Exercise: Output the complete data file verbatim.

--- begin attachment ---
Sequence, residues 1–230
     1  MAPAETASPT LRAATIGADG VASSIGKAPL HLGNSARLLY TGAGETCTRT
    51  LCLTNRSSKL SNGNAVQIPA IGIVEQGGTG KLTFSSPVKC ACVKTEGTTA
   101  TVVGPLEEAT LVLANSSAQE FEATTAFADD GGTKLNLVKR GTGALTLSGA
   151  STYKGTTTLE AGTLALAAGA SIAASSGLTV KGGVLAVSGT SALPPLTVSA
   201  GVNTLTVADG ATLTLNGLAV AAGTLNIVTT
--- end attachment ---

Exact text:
Sequence, residues 1–230
     1  MAPAETASPT LRAATIGADG VASSIGKAPL HLGNSARLLY TGAGETCTRT
    51  LCLTNRSSKL SNGNAVQIPA IGIVEQGGTG KLTFSSPVKC ACVKTEGTTA
   101  TVVGPLEEAT LVLANSSAQE FEATTAFADD GGTKLNLVKR GTGALTLSGA
   151  STYKGTTTLE AGTLALAAGA SIAASSGLTV KGGVLAVSGT SALPPLTVSA
   201  GVNTLTVADG ATLTLNGLAV AAGTLNIVTT